Less important aspects of VR learning design
Photo realism of the environment and avatars
Photo-realistic environments are less important in VR learning design. It’s tempting to assume that every detail of a VR environment has to be exactly perfect for it to be effective, but we underestimate our ability to fill in the information gaps.
A human brain is an association machine. We are very good at adding context where it otherwise might be missing. Our brains take what we see, hear, and feel and link those to emotions and memories, weaving in the context where it is otherwise lacking.
Let’s consider the VR experience in a hospital room. The user virtually enters the hospital room, and their mind begins to immediately fill in the blanks. The user has a frame of reference from previous experiences and immediately begins to make associations between any characters or other elements and the environment.
The vials of medication in the room are not exact replicas but are similar enough that the user’s brain will assume they are vials of medication. Users are not at all concerned that every vial isn’t exactly right; in fact, they completely bypass the differences because they are in an environment they recognize and the movements and actions are the same as if they were in an actual hospital room. Creating a super realistic environment or other elements might be aesthetically pleasing, but it will not enhance the outcome.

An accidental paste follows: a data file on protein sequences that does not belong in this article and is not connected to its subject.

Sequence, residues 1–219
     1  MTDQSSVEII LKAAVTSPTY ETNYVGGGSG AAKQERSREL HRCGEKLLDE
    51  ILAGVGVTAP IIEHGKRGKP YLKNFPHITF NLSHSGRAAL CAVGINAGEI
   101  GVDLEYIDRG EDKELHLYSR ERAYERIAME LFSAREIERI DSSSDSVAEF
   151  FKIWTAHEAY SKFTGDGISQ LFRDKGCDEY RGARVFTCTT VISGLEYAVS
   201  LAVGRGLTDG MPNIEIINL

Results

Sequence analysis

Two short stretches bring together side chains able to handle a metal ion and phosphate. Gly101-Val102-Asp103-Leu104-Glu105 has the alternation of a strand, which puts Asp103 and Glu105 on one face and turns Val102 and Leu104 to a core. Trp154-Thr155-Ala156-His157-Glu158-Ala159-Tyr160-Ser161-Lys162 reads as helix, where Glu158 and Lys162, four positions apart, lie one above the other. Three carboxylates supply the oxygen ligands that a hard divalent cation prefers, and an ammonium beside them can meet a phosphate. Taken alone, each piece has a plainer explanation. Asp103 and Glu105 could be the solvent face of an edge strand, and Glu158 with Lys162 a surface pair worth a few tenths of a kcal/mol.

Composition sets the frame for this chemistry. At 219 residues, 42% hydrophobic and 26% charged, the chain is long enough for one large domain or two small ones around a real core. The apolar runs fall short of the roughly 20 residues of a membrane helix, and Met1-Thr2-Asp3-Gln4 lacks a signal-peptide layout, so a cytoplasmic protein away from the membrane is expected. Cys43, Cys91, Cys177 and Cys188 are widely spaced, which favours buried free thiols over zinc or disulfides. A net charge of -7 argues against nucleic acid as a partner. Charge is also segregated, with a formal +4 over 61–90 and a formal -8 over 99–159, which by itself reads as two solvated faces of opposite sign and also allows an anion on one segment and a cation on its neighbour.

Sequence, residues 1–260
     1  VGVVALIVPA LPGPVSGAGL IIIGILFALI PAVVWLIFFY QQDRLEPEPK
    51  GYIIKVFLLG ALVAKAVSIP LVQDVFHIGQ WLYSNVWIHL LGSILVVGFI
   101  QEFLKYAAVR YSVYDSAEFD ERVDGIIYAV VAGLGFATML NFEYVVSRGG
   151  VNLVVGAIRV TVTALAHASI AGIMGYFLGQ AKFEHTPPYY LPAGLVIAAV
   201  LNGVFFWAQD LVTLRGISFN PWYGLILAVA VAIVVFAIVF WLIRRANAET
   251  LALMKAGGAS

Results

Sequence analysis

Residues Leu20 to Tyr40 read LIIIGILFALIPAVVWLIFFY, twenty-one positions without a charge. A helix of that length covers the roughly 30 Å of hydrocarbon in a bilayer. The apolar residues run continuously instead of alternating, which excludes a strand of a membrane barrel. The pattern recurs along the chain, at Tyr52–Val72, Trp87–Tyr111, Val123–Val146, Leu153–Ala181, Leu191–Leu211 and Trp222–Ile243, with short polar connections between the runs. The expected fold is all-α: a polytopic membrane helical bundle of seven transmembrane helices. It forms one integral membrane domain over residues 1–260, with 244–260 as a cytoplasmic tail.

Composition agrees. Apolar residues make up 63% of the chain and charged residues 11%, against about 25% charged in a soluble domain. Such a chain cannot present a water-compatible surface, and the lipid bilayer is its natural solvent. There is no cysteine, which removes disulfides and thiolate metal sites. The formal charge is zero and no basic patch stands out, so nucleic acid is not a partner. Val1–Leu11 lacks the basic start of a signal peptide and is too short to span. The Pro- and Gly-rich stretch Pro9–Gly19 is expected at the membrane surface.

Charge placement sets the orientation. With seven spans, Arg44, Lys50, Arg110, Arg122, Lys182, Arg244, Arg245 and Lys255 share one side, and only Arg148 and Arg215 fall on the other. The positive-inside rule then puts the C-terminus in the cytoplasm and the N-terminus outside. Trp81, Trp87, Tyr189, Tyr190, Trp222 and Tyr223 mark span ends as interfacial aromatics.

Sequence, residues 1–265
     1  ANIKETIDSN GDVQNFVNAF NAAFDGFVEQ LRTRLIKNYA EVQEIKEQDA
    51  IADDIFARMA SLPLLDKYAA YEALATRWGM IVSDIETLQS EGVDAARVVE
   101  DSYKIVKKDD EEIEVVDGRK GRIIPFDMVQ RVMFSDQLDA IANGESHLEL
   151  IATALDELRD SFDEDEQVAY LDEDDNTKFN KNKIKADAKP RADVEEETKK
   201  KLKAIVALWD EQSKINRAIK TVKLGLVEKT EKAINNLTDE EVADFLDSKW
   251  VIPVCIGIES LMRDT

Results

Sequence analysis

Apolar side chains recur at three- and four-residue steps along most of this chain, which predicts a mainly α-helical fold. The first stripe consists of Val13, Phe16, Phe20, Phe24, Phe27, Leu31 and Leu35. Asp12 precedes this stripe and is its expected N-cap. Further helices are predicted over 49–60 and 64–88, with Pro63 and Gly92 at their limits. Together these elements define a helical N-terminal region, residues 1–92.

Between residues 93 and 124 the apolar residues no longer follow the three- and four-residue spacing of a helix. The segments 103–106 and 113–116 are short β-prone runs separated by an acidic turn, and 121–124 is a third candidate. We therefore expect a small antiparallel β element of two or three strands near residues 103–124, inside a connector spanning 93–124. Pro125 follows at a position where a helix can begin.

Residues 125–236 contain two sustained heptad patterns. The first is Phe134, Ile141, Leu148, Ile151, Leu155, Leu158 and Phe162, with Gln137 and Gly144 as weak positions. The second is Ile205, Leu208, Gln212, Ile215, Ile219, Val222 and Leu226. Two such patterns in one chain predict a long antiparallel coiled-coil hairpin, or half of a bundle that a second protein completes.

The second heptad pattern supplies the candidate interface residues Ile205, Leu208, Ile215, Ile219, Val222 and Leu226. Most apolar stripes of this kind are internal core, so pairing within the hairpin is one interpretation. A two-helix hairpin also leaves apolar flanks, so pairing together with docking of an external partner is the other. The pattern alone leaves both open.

Let’s imagine you decided to build a birdhouse for your backyard. There are a set of steps and specific elements that you must-have for the birdhouse to function properly, but painting the birdhouse a certain colour is not one of those must-haves. The colour of the birdhouse is less important when designing for function. Instead of building the fanciest and best-decorated birdhouse, aim for building the best functioning birdhouse. Instead of building the most photo-realistic virtual environment and elements, aim for the threshold of real-enough.
These same concepts apply to VR experience characters or avatars. VR designers often get caught up in making the avatar look as close to a real person as possible. Keep in mind that even in Hollywood movies, digital characters and avatars have teams of people working to create them, and sometimes a year or more to do it – and they still don’t look quite right. Our brain can fill in those gaps.
Avatars and characters are meant to elicit an emotional response from the user – through associations in the mind. They create a connection with us. People have connections to animations that do not look like us at all. Think of your favourite animated character. Chances are it is not even a human animated character – maybe it’s a dog or cat or even a martian. Much like we connect with animated characters in Hollywood movies, we make the same associations in VR.
Learn about additional must-haves and less important areas of VR learning design in our previous blog post.